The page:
Blocking out the starlight while preserving the light emitted from the planet is called starlight suppression.

The light of a sun can be billions of times brighter than the reflected light from the planet. Our own sun is 10 billion times bright than Earth.

Coronagraphs were originally introduced in the early 20th century to study our own sun, blocking out the light from the sun’s disk to allow scientists to study its outer atmosphere, or corona; hence coronagraph. They are much smaller than the starshade, located within the telescope itself.

These starlight-blocking coronagraphs will be more sophisticated.

These new generation coronagraphs uses multiple masks as well as smart mirrors that can deform, to suppress starlight in sequential stages. There are many other challenges in delivering the coronagraph technology, including being able to suppress or compensate for the warping and vibrations that all space telescopes experience.

New Calvanni Review

Writer Tracy Joyce recently published a great independent review of The Calvanni. Here’s the whole review from Tracy’s blog:

The Calvanni (Book 1, The Jakirian Cycle) by Chris McMahon – Monday 27th July 2015

Calvanni front cover (Small)

“If you’re after a fast paced, complex adventure with detailed world building, politics and characters, then The Calvanni may be just what you’re looking for.

The Calvanni is set upon the world of Yos – a world where all metal is magical and cannot be forged. The weapons and armour must be made from natural materials and special ceramics – a nice point of difference from other novels I’ve read. The magic system has been well thought out and for those who like a lot magic in their reading, this book has plenty and some excellent battle sequences.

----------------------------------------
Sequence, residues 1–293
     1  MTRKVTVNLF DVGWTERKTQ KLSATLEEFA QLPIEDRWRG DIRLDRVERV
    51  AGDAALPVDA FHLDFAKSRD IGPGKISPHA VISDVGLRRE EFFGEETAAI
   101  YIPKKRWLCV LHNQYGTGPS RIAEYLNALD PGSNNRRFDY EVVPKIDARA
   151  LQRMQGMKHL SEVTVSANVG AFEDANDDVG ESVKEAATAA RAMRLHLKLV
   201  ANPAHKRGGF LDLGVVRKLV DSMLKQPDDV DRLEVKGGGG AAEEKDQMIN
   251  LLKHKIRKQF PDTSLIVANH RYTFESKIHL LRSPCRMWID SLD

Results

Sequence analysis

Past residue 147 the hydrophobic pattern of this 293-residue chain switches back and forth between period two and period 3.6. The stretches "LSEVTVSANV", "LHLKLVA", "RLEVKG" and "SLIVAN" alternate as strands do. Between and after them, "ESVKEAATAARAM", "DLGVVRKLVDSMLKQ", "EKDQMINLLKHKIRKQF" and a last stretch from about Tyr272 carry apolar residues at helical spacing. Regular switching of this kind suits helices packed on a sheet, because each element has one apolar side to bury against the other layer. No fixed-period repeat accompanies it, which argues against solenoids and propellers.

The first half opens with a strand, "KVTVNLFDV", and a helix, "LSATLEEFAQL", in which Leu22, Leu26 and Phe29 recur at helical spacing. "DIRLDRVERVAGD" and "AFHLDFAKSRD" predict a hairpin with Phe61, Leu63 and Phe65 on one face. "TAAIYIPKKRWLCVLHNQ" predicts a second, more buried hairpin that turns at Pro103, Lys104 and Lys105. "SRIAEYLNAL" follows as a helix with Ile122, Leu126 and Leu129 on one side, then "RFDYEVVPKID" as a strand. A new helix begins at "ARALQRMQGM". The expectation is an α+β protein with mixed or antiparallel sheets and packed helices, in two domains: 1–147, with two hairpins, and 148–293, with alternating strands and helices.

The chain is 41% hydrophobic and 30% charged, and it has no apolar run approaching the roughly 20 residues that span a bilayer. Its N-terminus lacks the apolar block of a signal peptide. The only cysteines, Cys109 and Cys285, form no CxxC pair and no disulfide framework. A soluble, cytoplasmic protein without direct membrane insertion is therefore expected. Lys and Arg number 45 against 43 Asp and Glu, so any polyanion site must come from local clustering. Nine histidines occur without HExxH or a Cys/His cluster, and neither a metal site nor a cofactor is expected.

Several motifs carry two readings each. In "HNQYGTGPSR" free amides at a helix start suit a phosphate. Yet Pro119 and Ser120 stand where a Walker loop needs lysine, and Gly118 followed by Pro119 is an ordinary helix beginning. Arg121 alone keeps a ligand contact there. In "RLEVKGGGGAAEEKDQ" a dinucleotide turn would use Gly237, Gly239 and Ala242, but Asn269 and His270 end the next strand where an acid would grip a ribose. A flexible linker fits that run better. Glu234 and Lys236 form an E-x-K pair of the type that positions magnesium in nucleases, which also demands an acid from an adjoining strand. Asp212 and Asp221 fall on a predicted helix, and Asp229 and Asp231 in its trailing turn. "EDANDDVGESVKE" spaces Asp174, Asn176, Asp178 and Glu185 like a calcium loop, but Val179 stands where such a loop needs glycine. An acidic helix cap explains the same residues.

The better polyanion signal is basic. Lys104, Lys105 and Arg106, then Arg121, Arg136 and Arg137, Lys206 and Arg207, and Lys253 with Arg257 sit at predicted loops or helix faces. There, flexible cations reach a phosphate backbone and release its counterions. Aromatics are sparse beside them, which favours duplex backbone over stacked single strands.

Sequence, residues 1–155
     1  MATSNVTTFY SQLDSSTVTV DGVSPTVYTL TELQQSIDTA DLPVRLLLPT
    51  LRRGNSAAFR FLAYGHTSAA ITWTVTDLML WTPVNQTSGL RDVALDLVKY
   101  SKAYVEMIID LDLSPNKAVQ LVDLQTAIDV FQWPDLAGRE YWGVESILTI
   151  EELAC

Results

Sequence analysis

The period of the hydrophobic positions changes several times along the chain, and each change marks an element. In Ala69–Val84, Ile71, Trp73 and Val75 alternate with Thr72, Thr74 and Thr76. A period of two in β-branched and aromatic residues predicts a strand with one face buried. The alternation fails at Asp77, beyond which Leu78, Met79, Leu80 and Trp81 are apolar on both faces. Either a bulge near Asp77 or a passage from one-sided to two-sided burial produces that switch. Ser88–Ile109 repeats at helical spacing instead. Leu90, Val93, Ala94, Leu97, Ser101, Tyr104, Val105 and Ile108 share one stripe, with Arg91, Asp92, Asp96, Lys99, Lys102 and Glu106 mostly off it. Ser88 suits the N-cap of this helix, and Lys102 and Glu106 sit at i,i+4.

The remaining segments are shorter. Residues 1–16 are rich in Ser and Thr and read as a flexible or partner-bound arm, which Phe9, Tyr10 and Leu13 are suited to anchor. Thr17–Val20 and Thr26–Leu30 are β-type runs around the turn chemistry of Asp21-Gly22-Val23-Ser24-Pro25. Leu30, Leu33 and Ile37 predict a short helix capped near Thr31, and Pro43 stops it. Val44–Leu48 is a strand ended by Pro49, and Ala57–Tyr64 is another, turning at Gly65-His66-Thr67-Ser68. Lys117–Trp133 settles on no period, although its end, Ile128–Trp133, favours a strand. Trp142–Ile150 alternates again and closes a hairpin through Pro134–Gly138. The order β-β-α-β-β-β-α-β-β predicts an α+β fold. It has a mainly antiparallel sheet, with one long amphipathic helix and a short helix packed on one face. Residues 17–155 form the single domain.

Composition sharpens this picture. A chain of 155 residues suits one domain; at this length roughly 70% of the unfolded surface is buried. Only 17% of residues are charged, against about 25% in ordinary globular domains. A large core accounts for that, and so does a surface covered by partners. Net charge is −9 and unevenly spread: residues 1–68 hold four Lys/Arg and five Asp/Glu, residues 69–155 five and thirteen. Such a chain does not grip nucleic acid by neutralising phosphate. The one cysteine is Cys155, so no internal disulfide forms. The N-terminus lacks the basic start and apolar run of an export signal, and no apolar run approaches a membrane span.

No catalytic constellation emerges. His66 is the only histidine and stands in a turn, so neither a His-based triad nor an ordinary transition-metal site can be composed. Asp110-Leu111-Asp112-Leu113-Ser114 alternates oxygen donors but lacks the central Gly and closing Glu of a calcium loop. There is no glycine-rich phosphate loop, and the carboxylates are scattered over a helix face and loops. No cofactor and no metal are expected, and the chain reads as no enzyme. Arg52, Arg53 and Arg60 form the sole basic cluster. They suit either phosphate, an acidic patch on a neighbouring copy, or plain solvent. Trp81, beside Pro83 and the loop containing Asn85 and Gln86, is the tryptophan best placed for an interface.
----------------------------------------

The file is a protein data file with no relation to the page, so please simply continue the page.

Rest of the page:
When the story opens the reader is plunged into the scene dealing with the assassination of the Sarlord of Athria. The depth of the political intrigue and old rivalries within the novel are quickly revealed. McMahon has also created a world with complex social and religious classes and many unusual animals.

This detail is one of the greatest strengths of The Calvanni, yet it may also be an initial obstacle to reading enjoyment for some. There is an array of unique terminology for this world within the novel. Fortunately, there is a glossary at the beginning of the book, which many may find useful. I actually enjoyed all the new terms and creatures that McMahon adds to the world of Yos – for me it added to its sense of authenticity. If you find this initially difficult, then persevere because your patience will reward you with a great read. The pace and the construction of the story are such that you just keep reading and pick up the terminology, or what is implied by it quickly.

On first glance the cover of The Calvanni seemed to me to be more akin to the type of illustration one would see on the cover of an romance novel that masquerades as epic fantasy – Don’t let that fool you because this is a high fantasy with some of the most original and intricate world building I have read in long while.

I’m looking forward to reading the rest of the series.

Four Stars!”

Back to Dune